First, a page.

While traveling over the last couple of weeks I was struck by this article in the Wall Street Journal entitled: “Pharmaceutical Companies Buy Rivals’ Drugs, Then Jack Up the Prices.” The reporter of the article stated in a somewhat matter-of-fact manner that the reason for this behavior was the need for maximization of stockholder value. Aside from the fact that, with the poorly vetted excuse mongering in the article about fewer opportunities for development and limitations on payments under healthcare, U.S. drugs tend to be significantly higher than generics found overseas, the assumption regarding maximizing stockholder value is misplaced.
As Steven Pearlstein pointed out in this Wonkblog piece back in 2013, maximizing shareholder’s value is not part of the fiduciary duties of the company nor its CEO. Such a view is not supported in either tradition or law. A corporation, as any Business 101 student will tell you, is an artificial person established for the purposes defined in its charter. This charter is issued by the sovereign–in our case the sovereign consists of the citizens of the states that issue corporate charters through their representative governments.
As Pearlstein rightly points out: “The fiduciary duty, in fact, is owed simply to the corporation, which is owned by no one, just as you and I are owned by no one — we are all “persons” in the eyes of the law. Shareholders, however, have a contractual claim to the “residual value” of the corporation once all its other obligations have been satisfied — and even then directors are given wide latitude to make whatever use of that residual value they choose, as long they’re not stealing it for themselves.”
The obligations of a company include not only shareholders but also customers, suppliers, and employees and others with whom the corporation establishes contractual relations. What Pearlstein’s article also shows is that companies that take the position that customer and employee satisfaction comes first are those that maintain and grow market share for a sustained period of time. This should be no surprise. Short term management yields either short term results or total failure. This instability due to the shift in marking for the market for stockholder value was reflected in the 2007-09 Great Recession, where companies with little ability to weather the storm found themselves on the rocks and shoals, and with angry customers and employees left in the lurch.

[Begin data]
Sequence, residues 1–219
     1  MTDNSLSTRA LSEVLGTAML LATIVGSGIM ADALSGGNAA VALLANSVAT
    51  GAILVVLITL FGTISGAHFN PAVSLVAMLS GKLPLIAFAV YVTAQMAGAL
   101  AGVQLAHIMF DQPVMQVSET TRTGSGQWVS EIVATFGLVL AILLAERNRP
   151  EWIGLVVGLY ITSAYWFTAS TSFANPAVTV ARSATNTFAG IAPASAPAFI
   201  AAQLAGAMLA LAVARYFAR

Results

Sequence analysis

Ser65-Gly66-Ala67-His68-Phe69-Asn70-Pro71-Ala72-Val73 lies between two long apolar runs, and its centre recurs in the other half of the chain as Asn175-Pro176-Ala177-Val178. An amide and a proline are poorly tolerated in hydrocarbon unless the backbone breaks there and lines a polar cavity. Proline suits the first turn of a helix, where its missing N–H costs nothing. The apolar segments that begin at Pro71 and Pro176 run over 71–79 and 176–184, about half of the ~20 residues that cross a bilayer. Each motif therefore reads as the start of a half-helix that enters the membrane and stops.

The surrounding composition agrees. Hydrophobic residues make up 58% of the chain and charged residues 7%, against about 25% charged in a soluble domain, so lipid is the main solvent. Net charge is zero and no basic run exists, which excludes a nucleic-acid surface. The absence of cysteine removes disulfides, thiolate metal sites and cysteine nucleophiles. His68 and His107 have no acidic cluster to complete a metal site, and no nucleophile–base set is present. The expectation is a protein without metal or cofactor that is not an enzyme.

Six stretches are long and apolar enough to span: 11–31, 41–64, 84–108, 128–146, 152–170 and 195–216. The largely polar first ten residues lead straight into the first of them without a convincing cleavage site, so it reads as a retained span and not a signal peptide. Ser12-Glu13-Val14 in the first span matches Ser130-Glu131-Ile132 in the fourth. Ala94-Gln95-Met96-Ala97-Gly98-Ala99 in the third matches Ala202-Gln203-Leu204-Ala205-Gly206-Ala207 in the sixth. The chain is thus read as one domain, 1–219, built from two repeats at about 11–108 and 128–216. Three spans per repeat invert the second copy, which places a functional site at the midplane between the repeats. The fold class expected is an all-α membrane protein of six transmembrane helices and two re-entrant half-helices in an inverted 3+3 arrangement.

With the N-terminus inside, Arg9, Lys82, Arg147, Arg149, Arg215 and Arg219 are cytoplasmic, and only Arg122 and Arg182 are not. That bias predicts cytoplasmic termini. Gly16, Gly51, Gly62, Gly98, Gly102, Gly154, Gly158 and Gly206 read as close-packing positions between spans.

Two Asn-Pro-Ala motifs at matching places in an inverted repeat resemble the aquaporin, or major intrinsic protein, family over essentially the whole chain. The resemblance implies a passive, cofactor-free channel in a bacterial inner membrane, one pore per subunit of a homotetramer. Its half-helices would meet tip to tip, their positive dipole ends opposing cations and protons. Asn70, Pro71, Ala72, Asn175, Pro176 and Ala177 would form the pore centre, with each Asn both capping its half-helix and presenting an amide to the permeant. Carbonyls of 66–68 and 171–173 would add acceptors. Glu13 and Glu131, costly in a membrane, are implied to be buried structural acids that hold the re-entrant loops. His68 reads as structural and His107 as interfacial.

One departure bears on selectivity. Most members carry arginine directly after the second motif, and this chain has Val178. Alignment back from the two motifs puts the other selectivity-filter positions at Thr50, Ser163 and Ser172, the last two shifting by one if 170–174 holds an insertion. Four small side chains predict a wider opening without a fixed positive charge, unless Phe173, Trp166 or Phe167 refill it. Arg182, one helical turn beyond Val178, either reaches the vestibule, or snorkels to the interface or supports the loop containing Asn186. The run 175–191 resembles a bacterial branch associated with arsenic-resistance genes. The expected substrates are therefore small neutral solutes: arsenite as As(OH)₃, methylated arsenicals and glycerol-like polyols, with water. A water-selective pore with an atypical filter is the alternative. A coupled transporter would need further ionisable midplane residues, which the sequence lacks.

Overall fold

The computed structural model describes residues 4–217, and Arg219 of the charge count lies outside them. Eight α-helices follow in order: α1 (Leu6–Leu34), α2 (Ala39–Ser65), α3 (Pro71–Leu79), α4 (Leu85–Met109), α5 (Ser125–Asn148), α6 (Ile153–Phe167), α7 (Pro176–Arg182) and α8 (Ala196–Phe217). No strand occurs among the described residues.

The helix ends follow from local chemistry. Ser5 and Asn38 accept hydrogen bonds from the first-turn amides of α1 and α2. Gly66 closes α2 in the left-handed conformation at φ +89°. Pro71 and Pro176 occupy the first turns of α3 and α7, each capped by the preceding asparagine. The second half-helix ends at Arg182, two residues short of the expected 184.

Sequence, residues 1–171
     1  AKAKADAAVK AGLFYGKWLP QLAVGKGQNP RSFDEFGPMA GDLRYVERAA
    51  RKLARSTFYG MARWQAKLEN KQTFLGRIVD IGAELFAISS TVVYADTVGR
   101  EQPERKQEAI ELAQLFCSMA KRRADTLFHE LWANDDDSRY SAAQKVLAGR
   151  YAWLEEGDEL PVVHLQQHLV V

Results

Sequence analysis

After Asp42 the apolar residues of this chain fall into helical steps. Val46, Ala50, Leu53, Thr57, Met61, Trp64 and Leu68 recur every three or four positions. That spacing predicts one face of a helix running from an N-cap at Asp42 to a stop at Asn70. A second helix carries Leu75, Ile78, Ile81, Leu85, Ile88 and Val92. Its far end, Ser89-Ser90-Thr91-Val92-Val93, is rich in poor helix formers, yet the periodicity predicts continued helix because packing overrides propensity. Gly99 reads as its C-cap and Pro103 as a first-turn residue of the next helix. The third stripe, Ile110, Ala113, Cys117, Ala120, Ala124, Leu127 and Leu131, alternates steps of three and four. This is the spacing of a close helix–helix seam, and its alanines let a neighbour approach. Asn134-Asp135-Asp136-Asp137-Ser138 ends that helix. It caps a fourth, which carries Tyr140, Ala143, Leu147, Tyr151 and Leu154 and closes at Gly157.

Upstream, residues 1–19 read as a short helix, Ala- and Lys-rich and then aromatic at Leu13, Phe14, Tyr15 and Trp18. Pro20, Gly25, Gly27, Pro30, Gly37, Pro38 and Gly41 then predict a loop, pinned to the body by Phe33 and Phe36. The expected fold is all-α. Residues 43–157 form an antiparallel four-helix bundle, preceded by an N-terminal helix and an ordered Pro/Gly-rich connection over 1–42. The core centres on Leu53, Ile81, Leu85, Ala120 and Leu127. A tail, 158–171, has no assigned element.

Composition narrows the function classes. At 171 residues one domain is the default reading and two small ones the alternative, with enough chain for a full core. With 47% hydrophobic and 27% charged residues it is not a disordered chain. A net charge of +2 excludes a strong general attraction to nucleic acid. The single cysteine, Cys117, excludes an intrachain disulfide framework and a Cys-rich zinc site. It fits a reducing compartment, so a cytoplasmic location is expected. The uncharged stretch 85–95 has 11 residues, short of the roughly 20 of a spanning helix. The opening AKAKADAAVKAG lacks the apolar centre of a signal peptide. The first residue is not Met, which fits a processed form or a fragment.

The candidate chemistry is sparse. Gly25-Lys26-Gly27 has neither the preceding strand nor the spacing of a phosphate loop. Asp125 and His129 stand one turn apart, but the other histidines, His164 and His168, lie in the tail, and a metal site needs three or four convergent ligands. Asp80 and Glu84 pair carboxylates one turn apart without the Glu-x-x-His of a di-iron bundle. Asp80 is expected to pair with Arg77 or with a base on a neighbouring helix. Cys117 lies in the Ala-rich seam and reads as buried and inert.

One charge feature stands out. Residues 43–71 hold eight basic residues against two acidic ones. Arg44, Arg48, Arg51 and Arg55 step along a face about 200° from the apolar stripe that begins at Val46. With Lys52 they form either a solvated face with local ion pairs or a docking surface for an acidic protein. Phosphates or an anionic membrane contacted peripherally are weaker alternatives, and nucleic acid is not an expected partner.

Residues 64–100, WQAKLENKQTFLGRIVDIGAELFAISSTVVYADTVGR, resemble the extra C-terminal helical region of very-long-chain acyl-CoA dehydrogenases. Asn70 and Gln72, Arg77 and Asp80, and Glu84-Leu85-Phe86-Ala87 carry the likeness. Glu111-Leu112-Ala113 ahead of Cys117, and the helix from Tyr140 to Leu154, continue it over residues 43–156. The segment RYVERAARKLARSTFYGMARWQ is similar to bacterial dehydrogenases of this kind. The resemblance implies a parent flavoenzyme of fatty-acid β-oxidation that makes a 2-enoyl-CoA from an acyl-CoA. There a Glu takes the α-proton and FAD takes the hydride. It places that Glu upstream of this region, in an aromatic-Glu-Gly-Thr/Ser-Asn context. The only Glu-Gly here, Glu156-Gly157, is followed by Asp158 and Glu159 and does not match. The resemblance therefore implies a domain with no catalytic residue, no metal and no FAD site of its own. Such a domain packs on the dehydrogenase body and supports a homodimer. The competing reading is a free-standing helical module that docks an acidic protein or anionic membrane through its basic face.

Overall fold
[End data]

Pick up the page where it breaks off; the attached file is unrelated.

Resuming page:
My question for my colleagues is always this: are you in it for the long or short term? If I get the latter answer then I say good luck to you, but we steer this ship on a different course.
The ramifications for project management probably make this conflict between the push for stockholder primacy against other co-equal interests more salient. To the project manager, the primacy of the project is defined by its contractual line items that are designed to meet customer requirements and expectations. Stockholders don’t deliver products and services. Those who wish to extract resources prior to those needed to satisfy customer requirements and contractual commitments–and pay employees and subcontractors in those efforts–whether they know it or not, are, at best, engaging in bad business practices, and, at worst, are engaging in fraud.
Once again, this ship steers a different course. Staying customer-focused is what has and will continue to win out at the end of the day.